Most probably, you already have people in your life that you could get to know better and connections with the family that could be deepened. If so, why not meet your friends more often, go out with them more, and find other ways to strengthen bonds and enjoy your existing relationships.
If you find it hard to reach out to your loved ones, it might be helpful to start slowly. Come up with just one family member or a supportive friend who you could imagine reaching out to. You should also know that strong social support is also beneficial for your mental health.
Use technology to stay connected
As we grow older, our social circle of family and friends are likely to spread or dwindle. A proven way to supplement our in-person contact is to maintain our long-distance relationships using technology.
Fortunately, there are dozens of options available in this digital age: audio calls, video chat, online chat, email etc. We know that learning a completely new digital platform can be challenging, but once you get the hang of it, its advantages include accessibility and convenience. The best thing about these tech-based communication channels is that most of them are free or included with other bills you’re already paying, such as phone and internet.
But use technology only to strengthen your relationships, not as a foundation, because it can also be isolating.
Adopt a pet
Pets, especially cats and dogs, offer so many benefits, and preventing loneliness is one of them. Rescuing a pet combines the benefits of companionship and altruism and fight loneliness in several ways.
You can connect with other people – walking a dog help you communicate with the community of different dog walkers, and a cute dog on a leash tends to be a people magnet. Besides, pets provide you with unconditional love, which can be an excellent salve for loneliness.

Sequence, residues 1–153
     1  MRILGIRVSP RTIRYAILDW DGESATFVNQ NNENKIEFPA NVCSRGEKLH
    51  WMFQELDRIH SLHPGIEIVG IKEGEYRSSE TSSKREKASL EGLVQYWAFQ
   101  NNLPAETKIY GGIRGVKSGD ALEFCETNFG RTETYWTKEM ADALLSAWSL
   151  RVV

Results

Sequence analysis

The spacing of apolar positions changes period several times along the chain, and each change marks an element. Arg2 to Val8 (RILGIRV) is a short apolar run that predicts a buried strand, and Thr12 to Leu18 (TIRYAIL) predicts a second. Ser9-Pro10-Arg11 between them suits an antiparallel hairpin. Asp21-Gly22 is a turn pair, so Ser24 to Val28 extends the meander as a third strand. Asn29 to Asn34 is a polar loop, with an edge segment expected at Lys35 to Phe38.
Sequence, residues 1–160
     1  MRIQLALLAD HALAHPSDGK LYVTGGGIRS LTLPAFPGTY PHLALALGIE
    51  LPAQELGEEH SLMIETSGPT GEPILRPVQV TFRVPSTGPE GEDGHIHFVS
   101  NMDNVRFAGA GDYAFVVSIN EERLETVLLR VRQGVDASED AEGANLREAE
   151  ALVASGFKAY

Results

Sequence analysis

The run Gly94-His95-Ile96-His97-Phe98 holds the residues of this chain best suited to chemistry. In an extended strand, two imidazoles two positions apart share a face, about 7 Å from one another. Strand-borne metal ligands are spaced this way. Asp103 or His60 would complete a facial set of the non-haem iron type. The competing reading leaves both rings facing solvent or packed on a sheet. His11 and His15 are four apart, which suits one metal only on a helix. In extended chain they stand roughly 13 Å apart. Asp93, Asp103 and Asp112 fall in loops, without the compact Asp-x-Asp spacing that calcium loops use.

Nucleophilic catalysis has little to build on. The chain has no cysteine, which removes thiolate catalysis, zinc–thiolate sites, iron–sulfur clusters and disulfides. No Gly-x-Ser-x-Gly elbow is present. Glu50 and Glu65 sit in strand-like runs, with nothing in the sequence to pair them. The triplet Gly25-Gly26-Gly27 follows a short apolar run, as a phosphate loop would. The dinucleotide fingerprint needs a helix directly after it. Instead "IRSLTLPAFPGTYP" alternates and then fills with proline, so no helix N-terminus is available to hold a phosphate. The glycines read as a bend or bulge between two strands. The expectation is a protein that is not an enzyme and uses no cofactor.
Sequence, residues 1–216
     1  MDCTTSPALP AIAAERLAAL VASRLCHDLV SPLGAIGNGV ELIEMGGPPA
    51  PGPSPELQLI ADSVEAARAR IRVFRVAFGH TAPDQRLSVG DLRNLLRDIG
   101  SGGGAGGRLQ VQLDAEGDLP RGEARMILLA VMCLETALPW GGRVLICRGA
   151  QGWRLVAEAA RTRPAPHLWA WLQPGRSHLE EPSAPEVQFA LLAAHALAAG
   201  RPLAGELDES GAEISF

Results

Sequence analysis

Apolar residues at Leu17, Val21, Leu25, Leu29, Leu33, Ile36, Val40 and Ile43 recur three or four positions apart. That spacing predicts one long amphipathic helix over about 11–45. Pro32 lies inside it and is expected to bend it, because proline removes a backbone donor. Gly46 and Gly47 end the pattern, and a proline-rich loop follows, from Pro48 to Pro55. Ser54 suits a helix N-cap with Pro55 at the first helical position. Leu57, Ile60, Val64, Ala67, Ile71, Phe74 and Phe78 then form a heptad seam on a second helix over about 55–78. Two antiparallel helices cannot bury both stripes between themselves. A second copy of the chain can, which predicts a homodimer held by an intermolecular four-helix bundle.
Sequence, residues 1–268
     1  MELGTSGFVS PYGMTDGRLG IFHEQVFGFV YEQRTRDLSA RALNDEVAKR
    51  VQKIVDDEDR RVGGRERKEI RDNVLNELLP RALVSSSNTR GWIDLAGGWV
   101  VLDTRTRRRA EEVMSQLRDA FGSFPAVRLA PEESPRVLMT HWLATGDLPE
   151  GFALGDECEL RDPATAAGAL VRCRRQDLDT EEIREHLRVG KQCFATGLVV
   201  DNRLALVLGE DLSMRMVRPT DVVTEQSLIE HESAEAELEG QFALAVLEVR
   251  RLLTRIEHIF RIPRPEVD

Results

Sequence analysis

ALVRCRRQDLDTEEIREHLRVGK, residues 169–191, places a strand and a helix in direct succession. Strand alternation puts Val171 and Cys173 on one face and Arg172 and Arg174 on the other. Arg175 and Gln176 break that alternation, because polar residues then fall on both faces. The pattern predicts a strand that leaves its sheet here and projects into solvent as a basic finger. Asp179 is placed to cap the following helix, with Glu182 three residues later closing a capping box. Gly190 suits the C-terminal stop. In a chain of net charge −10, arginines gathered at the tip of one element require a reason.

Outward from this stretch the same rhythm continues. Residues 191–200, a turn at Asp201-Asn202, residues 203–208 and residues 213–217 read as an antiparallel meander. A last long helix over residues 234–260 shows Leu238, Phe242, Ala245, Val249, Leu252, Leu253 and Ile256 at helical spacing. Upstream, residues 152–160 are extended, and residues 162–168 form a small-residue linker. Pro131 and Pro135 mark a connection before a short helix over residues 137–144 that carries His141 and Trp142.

Talk to strangers
The most straightforward and easy way to increase your connections is by interacting in a small way with strangers or acquittances. Research shows that it contributes to our social and emotional well-being. So next time you see your neighbour on a walk, start a conversation. You might find you feel happier afterwards.
See a therapist
As we mentioned earlier that loneliness and symptoms of depression could perpetuate each other, meaning the lonelier you’re, the more depressed you feel.
Sometimes just talking to strangers and meeting new people isn’t enough. You might feel lonely when you’re around them, which could be a sign of social anxiety or depression. If you’re in such a condition, it may be a good idea to seek therapy to help with feelings of loneliness.
There are several forms of therapies, especially cognitive behavioural therapy (CBT), that can help you change your thoughts and your behaviour to help you not only experience less loneliness but have more tools to prevent it.
So, there you have simple tactics you can implement today. Of course, simple doesn’t mean easy. But by taking small daily steps, you can rewire your behaviour and create a healthy experience for yourself.
Whatever you do to fight loneliness, know that you’re not alone, and there are many things you can do to feel more connected.